It wasn’t always easy to buy cannabis. Until recently, there wasn’t a wide selection. My goal had always been to get something that would get me high, period. The smell, the look, or the specific effect it would have on me was never as important as its potency. “This is good shit,” some sketchy-ass seller would tell me, and I’d buy it hoping he was right.
Nowadays, cannabis is more accessible than it used to be and I find myself looking for more in my weed than just the high-value.
During Prohibition on alcohol in the US from 1920 to 1933, people still wanted to drink. There wasn’t much variety when it came to quality. The liquor available was usually terrible and stank of ethanol, hence the invention of cocktails. A concoction of sugar, bitters, and the likes were needed just to cover up the awful flavor. With choices limited, most people just wanted the strongest stuff out there.
As soon as alcohol became legal, though, people stopped looking at the alcohol content as the only deciding factor of what they wanted. They looked for taste, smell, body, etc. When was the last time you saw someone basing their wine selection on alcohol content?
Cannabis is going through a similar evolution. While it was illegal, consumers sought potency and growers would attempt to breed cannabis with as much THC as possible. By doing so for decades, other important cannabinoids and terpenes were bred out, producing the current selections of cannabis we see today – very high THC, and relatively little else.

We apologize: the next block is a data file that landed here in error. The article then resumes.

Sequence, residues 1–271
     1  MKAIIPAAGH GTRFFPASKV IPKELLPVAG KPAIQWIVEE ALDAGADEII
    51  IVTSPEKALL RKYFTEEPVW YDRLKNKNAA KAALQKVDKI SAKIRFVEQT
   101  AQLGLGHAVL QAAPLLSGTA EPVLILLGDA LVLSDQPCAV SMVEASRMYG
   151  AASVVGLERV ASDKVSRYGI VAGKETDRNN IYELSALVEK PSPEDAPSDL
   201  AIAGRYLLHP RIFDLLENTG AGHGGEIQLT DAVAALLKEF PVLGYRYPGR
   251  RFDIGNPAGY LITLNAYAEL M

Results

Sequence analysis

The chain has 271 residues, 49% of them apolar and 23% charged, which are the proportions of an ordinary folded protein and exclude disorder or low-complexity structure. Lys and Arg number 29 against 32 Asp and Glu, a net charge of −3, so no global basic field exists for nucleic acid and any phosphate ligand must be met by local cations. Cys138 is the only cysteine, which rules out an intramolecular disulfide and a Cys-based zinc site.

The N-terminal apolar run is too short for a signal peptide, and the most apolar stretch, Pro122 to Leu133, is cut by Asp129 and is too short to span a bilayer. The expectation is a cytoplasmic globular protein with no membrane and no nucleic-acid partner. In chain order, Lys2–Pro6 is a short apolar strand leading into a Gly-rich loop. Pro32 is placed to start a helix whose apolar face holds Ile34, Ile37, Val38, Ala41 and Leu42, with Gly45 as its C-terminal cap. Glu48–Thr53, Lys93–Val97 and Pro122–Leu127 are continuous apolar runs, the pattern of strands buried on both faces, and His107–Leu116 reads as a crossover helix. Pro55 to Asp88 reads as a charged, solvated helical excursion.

Now that cannabis is legal in some states, we’re already getting access to the largest variety of cannabis products we’ve had in our lifetimes. Growers are actively seeking out landrace strains (unadulterated strains), and breeding products with cannabinoid and terpene profiles rarely seen in the US. Our cannabis options will keep increasing as we continue to request the products we want – with the smell, taste, and specific effects we desire.
What do you think – will the cannabis market resemble the wine and liquor market?
Will we have the highly sought after microbreweries of the cannabis world?
Will the potency of THC take a back seat to the specific effects that different combinations of cannabinoids and terpenes can supply?